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Re: [coldwarcomms] New Facility?

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  • Paul Rosa
    Rick: These site numbers refer to the original Presidential Emergency Facilities (PEF) sites. The site plans that we have dating to 1962 show Lamb s Knoll
    Message 1 of 5 , Dec 8, 2002
      Rick:

      These site numbers refer to the original Presidential Emergency
      Facilities (PEF) sites. The site plans that we have dating to 1962 show
      Lamb's Knoll (South Mountain, MD) as "Navy Site #7." Site #4 is
      adjacent to Reno Reservoir in DC. Albert LaFrance probably is the best
      authority on the chain and, hopefully, he'll read this and respond.

      "Rick C." wrote:

      > Site 4? Site 7? What grouping of sites (formally) do these numbers
      > refer
      > to, and what are 1-3, 5-6, 8-???
      >
      > Looks like, as many member of this list predicted shortly post Sept.
      > 11,
      > that the government was back in the bunker building business.
      >
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      [Non-text portions of this message have been removed]
    • Rick C.
      Paul- I was playing a little dumb there - should have been more specific in what I meant. I was wondering if anybody had a complete list of the site numbers
      Message 2 of 5 , Dec 8, 2002
        Paul-
        I was playing a little dumb there - should have been more specific in
        what I meant. I was wondering if anybody had a complete list of the site
        numbers and their associated names. I recall Cannonball is #2, and Lamb's
        Knoll, but I was not aware of Ft. Reno.

        Rick


        >These site numbers refer to the original Presidential Emergency
        >Facilities (PEF) sites. The site plans that we have dating to 1962 show
        >Lamb's Knoll (South Mountain, MD) as "Navy Site #7." Site #4 is
        >adjacent to Reno Reservoir in DC. Albert LaFrance probably is the best
        >authority on the chain and, hopefully, he'll read this and respond.
        >
        >"Rick C." wrote:
        >

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      • Mike Makar <mikemakar@aol.com>
        Group, Another article about new facility. Neighbors Complain of Cheney Home Blasts Mon Dec 9, 9:54 AM ET Strange News - AP to My Yahoo! By JIM ABRAMS,
        Message 3 of 5 , Dec 11, 2002
          Group, Another article about new facility.

          Neighbors Complain of Cheney Home Blasts
          Mon Dec 9, 9:54 AM ET Strange News - AP to My Yahoo!

          By JIM ABRAMS, Associated Press Writer

          WASHINGTON (AP) - Neighbors of Vice President Dick Cheney (news - web
          sites) are being shaken and rattled at least once a day by mysterious
          blasts at the U.S. Naval Observatory where Cheney lives.

          The Navy says the explosions are part of a construction project that
          has been going on for several months now, but won't say more because
          the project is classified.

          Navy spokeswoman Cate Mueller described the work as
          an "infrastructure improvement, a utility upgrade."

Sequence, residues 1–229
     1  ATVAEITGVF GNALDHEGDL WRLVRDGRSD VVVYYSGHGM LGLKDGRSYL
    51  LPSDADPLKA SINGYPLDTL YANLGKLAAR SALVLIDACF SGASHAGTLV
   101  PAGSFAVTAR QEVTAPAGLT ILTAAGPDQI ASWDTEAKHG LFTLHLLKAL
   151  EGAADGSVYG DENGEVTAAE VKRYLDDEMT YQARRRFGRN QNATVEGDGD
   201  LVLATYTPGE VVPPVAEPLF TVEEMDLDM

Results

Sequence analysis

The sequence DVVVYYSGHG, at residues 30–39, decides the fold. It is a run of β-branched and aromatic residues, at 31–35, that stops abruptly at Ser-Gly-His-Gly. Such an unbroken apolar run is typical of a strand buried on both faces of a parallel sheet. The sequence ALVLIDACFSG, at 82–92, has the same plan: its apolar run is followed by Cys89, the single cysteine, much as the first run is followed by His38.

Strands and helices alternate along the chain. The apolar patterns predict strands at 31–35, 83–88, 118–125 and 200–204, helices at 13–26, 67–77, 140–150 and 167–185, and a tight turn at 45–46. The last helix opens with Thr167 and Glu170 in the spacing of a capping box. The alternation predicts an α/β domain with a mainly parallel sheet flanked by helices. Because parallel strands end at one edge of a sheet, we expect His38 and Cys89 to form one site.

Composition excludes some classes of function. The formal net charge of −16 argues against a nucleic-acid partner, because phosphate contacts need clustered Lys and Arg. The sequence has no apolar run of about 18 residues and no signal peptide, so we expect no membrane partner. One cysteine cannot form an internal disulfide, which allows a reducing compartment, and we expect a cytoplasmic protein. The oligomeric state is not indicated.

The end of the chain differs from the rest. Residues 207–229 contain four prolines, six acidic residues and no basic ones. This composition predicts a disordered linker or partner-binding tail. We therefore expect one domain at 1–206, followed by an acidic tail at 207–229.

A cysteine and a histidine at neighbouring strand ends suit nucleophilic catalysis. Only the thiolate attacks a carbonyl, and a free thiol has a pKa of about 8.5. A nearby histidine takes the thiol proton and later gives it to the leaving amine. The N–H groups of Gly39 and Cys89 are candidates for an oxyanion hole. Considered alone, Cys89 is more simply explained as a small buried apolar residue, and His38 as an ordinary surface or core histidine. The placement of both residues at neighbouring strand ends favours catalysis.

She said they have tried to reassure the neighborhood, which includes
          the Washington residence of former President Bill and Sen. Hillary
          Clinton (news - web sites), that the blasts will not damage their
          homes. She said most understand that, because of national security
          concerns, they can't reveal details or confine the construction to a
          9 a.m. to 5 p.m. schedule.

          Joseph Rieser, who lives a half-block off Observatory Circle, said
          each blast was "almost like thunder because it rolls and it lasts a
          noticeable period, probably several seconds." It said the explosions
          rattle windows that aren't shut tight.

          He said his concern was that neighbors received no forewarning of the
          project. "If this were a normal construction contract I would expect
          that they would have told the neighbors."

          Mueller acknowledged that they were "not as aggressive up front in
          warning" neighbors about the project.

          She said the construction is expected to last another eight months,
          and for the time being there will be one or two blasts a day, each
          lasting about three to five seconds.

          The blasts were being carefully monitored to assure they were well
          under acceptable vibration standards so there would be no damage to
          either nearby residences or to facilities at the observatory, she
          said.

          The Naval Observatory moved to its present location on Massachusetts
          Ave. in Northwest Washington in 1893. The vice president took up
          residence on the site in 1974. It houses the master clock of the
          United States and telescopes dating back to a time when it was one of
          the premier astronomical observatories in the world.

          The Washington Post, which reported the issue Sunday, said David
          Gillard, the observatory's superintendent, had sent the local
          neighborhood commission a letter noting that "due to its sensitive
          nature in support of national security and homeland defense, project
          specific information is classified and cannot be released."

          Jennifer Millerwise, a spokeswoman for the vice president, referred
          questions about the project to the Navy.
          ___

          On the Net: Vice president's residence:
          http://www.whitehouse.gov/history/life/vpresidence.html

          U.S. Naval Observatory: http://www.usno.navy.mil/
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